Yesterday was the 2 playoff semifinal games, #2 Clemson vs #3 Notre Dame and #1 Alabama vs #4 Oklahoma. These 2 games ended up pretty much how everyone thought they would but it has also sparked some conversation about the semifinal games being pointless. In the entire history of the playoff only 2 games have been decided by one possession. This stat certainly does not help the argument for an 8 team playoff but I still believe the playoff should be expanded. Now to get into each semifinal game.
Goodyear Cotton Bowl
Clemson 30, Notre Dame 3
If you read CFB Playoffs Preview and Predictions you would know that i predicted Clemson to win this game by a similar score, 38-17, I thought the Irish would put up more of a fight but I guess not. After this blowout by Clemson some people have went back in history to look at some of Notre Dame’s previous big bowl records and let’s just say they’re not very good. Notre Dame is 0-6 in their last 6 BCS or New year’s six bowls with an average margin of defeat by 24. That is just not a good look for the Irish. You have to put an undefeated Notre Dame team in the playoffs i mean what more can they possibly do but I think they will forever get beat up on in big games until they join a conference.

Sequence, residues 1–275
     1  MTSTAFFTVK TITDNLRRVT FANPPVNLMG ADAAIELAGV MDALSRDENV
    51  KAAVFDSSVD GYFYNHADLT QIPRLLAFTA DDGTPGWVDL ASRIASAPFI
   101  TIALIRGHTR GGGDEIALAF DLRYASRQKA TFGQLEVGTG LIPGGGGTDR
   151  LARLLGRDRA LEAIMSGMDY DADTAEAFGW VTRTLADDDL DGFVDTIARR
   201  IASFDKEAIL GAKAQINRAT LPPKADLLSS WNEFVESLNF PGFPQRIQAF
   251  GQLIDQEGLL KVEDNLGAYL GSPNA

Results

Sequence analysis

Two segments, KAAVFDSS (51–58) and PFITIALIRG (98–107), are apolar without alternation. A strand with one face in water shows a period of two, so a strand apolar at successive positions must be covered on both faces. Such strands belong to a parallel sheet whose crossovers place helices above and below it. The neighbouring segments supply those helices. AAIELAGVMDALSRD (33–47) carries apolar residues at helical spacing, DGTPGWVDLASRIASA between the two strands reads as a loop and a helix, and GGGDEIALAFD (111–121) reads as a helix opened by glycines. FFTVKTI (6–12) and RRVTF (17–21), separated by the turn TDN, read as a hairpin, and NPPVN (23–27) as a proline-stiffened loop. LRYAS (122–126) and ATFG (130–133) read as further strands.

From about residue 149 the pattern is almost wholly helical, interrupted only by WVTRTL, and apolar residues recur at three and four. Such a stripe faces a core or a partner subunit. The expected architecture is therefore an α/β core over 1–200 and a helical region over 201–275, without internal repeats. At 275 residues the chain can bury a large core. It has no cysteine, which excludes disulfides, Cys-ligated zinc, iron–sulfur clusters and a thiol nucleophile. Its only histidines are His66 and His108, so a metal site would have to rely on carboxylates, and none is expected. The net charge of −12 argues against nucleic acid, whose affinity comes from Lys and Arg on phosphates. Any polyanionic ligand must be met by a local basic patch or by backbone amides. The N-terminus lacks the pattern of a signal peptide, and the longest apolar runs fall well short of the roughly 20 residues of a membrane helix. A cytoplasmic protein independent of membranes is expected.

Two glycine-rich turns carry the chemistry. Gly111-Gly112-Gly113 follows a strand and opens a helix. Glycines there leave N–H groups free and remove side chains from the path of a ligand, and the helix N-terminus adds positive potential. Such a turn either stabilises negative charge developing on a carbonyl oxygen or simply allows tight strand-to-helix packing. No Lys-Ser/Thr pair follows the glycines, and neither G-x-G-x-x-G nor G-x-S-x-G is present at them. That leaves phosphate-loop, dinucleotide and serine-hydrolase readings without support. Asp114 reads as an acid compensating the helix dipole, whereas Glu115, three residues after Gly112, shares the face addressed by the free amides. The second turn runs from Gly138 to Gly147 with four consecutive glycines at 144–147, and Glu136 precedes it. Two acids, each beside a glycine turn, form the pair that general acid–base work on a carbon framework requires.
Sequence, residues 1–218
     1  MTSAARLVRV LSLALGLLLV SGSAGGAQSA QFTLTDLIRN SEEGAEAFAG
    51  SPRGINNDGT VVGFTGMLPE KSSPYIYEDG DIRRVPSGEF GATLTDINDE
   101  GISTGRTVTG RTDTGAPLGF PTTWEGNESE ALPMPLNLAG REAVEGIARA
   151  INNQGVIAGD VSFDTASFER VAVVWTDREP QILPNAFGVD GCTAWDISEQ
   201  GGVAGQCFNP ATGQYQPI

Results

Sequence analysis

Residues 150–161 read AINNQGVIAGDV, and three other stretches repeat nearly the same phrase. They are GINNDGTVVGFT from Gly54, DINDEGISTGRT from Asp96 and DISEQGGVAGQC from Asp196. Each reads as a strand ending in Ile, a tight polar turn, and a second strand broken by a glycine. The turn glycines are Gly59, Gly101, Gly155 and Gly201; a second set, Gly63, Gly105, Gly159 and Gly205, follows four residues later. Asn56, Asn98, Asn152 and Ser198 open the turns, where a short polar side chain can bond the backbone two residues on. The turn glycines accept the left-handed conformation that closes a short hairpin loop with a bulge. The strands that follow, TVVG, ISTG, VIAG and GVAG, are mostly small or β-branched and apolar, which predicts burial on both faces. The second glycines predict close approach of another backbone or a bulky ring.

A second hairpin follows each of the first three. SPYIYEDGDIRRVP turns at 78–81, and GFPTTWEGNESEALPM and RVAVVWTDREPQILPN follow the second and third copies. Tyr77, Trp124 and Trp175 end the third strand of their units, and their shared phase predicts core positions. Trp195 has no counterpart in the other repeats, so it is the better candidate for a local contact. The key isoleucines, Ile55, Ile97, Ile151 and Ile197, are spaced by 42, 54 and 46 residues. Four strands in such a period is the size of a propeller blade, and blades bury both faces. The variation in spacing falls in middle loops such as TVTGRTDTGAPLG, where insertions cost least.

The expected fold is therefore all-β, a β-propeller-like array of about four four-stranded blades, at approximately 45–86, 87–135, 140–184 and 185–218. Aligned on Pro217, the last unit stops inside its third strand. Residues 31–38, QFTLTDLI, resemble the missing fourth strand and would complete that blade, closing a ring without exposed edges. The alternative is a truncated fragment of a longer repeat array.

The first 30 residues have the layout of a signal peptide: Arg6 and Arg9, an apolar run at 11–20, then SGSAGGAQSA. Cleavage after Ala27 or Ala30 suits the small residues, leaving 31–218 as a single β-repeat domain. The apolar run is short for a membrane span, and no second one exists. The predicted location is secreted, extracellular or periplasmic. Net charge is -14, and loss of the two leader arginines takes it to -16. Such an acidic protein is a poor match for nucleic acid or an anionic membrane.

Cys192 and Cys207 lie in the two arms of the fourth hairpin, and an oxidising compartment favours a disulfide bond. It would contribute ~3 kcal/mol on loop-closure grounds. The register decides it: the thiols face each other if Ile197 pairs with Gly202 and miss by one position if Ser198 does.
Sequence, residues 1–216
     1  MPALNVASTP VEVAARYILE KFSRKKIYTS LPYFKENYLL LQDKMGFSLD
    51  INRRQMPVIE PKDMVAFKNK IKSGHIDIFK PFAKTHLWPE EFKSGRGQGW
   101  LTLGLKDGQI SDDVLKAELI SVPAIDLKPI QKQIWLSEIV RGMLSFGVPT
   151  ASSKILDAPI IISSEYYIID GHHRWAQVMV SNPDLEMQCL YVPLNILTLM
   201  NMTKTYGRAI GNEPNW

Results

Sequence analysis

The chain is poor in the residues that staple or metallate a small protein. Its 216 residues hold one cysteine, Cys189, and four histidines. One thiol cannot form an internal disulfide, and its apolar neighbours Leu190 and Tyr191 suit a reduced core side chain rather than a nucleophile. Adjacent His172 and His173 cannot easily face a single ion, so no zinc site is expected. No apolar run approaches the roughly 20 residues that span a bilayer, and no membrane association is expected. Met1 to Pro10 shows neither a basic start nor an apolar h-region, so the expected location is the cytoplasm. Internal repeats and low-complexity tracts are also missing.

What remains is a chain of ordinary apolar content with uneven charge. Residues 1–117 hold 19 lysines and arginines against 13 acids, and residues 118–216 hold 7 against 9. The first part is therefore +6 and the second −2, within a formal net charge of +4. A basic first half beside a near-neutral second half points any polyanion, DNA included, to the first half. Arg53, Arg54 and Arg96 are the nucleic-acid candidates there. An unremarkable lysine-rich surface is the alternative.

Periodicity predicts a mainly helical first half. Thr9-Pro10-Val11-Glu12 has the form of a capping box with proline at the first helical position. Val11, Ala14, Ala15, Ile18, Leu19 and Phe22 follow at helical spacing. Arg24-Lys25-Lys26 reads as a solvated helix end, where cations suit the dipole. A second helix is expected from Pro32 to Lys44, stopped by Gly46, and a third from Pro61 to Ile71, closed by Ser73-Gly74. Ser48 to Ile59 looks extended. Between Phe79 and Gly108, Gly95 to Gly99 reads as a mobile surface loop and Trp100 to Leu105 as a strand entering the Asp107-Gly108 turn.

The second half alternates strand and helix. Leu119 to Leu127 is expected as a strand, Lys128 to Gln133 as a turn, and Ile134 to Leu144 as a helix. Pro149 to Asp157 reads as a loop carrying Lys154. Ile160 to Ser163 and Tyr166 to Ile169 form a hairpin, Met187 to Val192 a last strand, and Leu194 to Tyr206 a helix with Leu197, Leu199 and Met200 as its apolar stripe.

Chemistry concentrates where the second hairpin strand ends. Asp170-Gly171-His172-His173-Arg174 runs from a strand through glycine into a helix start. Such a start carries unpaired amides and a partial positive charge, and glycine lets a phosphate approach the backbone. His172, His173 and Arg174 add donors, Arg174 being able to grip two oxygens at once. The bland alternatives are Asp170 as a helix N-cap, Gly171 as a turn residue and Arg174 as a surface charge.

Capital One Orange Bowl
Alabama 45, Oklahoma 34
Just like the Clemson prediction I also predicted the outcome if this game by a very very similar score, 51-35, if Saban woulda scored a TD on that final drive, making it 52-35, I would have been only off by 2 total points on the final score. It is very clear that this Alabama team is on a whole different level than most teams they play and after this game it is just more proof of how good the Crimson Tide really is. Everyone is complaining over these games not being close enough but honestly both Clemson and Alabama are on another level than anyone else this year so no matter who these games were played against I think we would have seen similar scores. After both these games on saturday all I can say is who’s ready for Bama, Clemson part 4?
By Andrew Kalb